The Landlord (1970)


(director: Hal Ashby; screenwriters: Bill Gunn/based on the novel by Kristin Hunter; cinematographer: Gordon Willis; editors: William A. Sawyer/Edward Warschilka; music: Al Kooper; cast: Beau Bridges (Elgar Enders), Lee Grant (Mrs. Enders), Diana Sands (Fanny), Pearl Bailey (Marge), Marki Bey (Lanie), Louis Gossett, Jr. (Copee), Walter Brooke (Mr. Enders), Melvin Stewart (Professor Duboise), Susan Anspach (Susan Enders), Robert Klein (Peter), Trish Van Devere (Sally), Stanley Greene (Heywood the Butler); Runtime: 106; MPAA Rating: R; producer: Norman Jewison; MGM Home Entertainment; 1970)

“An uneven comedy of manners that bears checking out for its on the money painfully poignant moments.”

Reviewed by Dennis Schwartz

A good-natured but tasteless freewheeling social satire on race relations that mixes sharp social commentary with dull TV sitcom comedy, resulting in an uneven comedy of manners that bears checking out for its on the money painfully poignant moments. Former editor Hal Ashby (“The Last Detail”/”Shampoo”/”Harold and Maude”) does some good things with the messy message material in his debut directorial effort, pointing the way for a Hollywood film that was ahead of its time but arrived on the scene just when America was radically changing. It’s based on the novel by black writer Kristin Hunter and written by black actor Bill Gunn.

Sheltered 29-year-old white boy Elgar Enders (Beau Bridges) lives with his bigoted conservative parents (Lee Grant & Walter Brooke) on a Long Island estate and decides it’s time to assert his independence by buying on his own a dilapidated tenement in the black ghetto of the Park Slope section in Brooklyn. The self-indulgent Elgar plans to evict the tenants who don’t pay rent regularly anyway, and ‘gentrify’ the neighborhood with a remodeled brownstone and live there in a swinging psychedelic bachelor pad.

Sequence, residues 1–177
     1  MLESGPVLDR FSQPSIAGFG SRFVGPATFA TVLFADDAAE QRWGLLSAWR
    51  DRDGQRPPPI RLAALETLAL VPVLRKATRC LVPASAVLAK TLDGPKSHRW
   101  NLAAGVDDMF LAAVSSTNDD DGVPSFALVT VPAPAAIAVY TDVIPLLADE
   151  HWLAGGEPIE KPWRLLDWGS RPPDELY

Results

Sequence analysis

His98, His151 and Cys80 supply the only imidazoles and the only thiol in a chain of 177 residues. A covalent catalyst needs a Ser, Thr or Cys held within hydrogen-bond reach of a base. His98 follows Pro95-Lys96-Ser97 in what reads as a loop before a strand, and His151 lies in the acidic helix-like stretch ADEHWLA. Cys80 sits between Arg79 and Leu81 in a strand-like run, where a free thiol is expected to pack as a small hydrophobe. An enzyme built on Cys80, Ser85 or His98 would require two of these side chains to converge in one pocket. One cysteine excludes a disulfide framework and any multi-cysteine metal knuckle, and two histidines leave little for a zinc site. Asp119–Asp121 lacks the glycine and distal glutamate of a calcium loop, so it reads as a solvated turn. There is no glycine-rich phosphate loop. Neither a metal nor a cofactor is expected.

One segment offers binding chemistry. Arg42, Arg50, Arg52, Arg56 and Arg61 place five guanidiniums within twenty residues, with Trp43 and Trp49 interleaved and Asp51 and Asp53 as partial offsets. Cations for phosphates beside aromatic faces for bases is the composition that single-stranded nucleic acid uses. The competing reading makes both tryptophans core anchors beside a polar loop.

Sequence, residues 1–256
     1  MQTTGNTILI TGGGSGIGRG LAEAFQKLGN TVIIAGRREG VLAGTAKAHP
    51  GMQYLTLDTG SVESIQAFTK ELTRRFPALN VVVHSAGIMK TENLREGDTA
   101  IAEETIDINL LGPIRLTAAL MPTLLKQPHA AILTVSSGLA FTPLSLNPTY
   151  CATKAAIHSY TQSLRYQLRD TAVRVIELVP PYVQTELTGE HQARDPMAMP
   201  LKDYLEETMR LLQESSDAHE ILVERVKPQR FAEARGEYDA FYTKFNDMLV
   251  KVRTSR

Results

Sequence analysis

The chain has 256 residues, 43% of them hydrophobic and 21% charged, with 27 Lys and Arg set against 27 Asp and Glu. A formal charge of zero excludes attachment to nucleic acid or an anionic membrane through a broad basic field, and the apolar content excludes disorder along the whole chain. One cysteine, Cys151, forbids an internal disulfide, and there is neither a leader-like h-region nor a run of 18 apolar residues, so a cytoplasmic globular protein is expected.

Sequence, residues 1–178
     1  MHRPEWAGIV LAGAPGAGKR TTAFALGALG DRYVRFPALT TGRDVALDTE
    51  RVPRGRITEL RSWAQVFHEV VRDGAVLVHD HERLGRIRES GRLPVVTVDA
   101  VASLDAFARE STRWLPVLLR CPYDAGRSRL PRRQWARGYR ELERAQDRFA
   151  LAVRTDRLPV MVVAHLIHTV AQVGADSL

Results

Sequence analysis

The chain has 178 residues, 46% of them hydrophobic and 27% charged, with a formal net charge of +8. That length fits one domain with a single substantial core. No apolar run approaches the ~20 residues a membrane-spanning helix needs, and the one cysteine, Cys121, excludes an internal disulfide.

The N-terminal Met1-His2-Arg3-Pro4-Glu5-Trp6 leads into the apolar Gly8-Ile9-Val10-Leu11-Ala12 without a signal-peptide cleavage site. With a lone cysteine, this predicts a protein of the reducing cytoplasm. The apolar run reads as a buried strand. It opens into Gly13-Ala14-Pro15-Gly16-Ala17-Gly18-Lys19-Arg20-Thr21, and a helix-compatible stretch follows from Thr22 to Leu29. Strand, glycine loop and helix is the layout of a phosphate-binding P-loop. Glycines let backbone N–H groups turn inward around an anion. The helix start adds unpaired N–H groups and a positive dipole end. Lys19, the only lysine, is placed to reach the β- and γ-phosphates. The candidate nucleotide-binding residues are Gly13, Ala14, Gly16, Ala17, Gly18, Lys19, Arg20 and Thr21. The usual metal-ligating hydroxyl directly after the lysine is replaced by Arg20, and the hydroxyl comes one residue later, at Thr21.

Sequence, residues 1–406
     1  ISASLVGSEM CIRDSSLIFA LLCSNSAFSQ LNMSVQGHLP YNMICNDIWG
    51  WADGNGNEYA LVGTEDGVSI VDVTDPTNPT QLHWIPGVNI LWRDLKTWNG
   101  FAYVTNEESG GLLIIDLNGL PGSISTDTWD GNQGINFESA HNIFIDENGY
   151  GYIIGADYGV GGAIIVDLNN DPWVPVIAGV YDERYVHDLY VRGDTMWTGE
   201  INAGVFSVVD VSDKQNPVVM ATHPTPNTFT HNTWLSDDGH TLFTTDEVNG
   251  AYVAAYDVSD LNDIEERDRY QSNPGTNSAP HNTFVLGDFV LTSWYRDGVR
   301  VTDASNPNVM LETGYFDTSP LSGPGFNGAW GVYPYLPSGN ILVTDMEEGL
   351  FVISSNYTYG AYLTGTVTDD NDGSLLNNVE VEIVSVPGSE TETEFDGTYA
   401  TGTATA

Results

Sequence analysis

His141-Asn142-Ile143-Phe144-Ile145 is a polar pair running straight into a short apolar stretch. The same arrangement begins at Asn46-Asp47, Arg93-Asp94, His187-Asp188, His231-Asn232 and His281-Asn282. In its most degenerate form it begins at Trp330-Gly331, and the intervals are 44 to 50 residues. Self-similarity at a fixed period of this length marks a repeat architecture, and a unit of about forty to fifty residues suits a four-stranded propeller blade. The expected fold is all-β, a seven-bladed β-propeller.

The naive Elgar soon realizes he’s dealing with human beings and the soft-hearted lad doesn’t have the will to carry through his plans. Instead he begins to act like a real landlord but grows fond of his tenants when he gets to know them. They include the friendly strong-willed and sharp-tongued Marge (Pearl Bailey), a fortune-teller, who tells the WASP lad “How do you ofays come into owning these rat traps? Do you give them to each other for bar mitzvah presents?”; Professor Duboise (Melvin Stewart), an angry black segregationist teacher; and the Copee family (Louis Gossett, Jr. & Diana Sands). Elgar falls for a light-skinned mulatto art student and dancer Lanie (Marki Bey) he meets at a disco, who has a black father and an Irish mother. Elgar decides to marry Lanie but their plans are put on hold when he learns he has gotten his married tenant Fanny (Diana Sands) pregnant while her black militant hubby was in jail. It’s all resolved with some life-altering changes.

The film received only mixed reviews and a poor box office when it opened, but today is viewed in a better light as a trendsetter film on race relations that delivers a humanistic social commentary.

Lee Grant was nominated for Best Supporting Actress, while the sly Pearl Bailey steals every scene she’s in.